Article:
THE QUIET VOICE
Two hundred years ago a baby boy was born who was called John John "Woolman. He came into a happy Quaker home, and although there were several other children, the father and mother had plenty of love for the new baby.
After a while little John began to go into the fields, and to watch the cows and sheep on the farm. Sometimes he played with his brothers and sisters, but often, as he grew to be a larger boy, he went off to the woods and thought about the stories his mother had read to him.
He could repeat the story of Abraham, and wondered how a father would feel who was told to go up to the mountain top and sacrifice his little boy. But Abraham heard God calling him just in time to keep him from putting Isaac on the fire. How obedient Abraham was! John wondered if his father and his neighbors were as obedient as Abraham and David and Noah were. He wondered if God would speak some day to him and whether he would understand his voice. He wanted very much to be called as Samuel was.
One pleasant spring day John's mother sent him on an errand to the neighbor's. He was to take a basket with jelly and fruit in it, for the neighbor's wife was sick, and John's mother was kind to sick people.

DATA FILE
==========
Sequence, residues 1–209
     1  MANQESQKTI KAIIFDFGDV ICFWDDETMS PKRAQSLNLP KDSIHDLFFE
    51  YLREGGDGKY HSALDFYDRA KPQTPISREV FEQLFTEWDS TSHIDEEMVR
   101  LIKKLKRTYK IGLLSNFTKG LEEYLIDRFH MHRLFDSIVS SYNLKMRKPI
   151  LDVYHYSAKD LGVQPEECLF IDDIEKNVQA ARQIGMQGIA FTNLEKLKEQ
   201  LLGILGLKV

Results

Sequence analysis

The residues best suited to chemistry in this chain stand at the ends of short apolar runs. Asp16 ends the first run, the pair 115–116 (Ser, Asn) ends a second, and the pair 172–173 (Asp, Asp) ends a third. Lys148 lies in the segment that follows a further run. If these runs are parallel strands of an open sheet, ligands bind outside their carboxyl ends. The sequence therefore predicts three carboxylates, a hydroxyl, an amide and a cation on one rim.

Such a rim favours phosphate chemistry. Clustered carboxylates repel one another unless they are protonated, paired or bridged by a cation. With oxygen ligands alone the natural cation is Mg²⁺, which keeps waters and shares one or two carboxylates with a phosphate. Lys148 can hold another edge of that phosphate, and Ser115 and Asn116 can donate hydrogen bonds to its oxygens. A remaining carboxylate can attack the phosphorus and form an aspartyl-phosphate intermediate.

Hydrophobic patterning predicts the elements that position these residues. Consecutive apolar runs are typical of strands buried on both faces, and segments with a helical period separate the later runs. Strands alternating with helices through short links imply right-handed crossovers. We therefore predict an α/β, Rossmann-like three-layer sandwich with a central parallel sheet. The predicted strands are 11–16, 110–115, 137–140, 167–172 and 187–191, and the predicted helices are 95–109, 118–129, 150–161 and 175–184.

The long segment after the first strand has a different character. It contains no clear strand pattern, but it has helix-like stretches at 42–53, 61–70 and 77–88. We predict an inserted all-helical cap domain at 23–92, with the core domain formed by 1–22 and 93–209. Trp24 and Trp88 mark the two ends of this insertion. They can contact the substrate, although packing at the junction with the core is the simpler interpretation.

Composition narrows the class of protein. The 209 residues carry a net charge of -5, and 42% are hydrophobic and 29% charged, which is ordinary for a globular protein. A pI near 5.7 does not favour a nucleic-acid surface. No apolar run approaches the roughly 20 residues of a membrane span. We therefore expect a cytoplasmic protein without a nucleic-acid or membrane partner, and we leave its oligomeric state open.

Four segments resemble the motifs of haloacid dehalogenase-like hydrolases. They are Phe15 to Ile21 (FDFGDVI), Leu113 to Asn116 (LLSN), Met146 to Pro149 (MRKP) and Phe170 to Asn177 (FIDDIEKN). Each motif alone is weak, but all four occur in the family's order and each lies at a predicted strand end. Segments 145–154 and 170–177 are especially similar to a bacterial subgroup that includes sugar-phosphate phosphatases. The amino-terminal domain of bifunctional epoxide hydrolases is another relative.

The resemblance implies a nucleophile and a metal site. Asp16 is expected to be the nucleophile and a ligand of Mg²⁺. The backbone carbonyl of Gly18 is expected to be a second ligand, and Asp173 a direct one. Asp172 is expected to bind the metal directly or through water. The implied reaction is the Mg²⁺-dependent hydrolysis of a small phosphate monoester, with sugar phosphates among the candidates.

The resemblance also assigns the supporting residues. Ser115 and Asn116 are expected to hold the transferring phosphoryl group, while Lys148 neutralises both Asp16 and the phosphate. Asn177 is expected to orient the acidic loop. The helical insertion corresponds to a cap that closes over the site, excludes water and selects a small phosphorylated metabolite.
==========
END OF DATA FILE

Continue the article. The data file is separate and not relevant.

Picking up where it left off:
Suddenly, as he was passing under a big tree, he noticed a robin sitting on her nest, and as he drew nearer, she flew off with cries of fear. Around and around she went. He watched how she stayed near her little birds. Then, as she flew low and her wings nearly touched his head, John thought, "I wonder whether I could hit her."
He picked up a stone and tried. No, he missed her; he
found another and threw it, but failed again. Then he took a third stone, aimed well, and in a moment the mother bird fell to the ground, fluttered once, and lay dead.
"There," thought John, "I knew I could hit her." "But," said a voice within his heart, "Why, why hast thou killed an innocent creature?"
Poor little John! A feeling of horror came over him! He felt ill and faint and did not know what to do.
He looked up at the nest where the little birds opened their bills for food. Then he looked down at the mother bird lying so still on the ground. The birdlings would die without their mother's care; he slowly climbed the tree, took them out of the nest, and sorrowfully killed them.
Then he picked up his basket and moved quietly away to do his errand, but for several hours he was very unhappy over the suffering he had caused.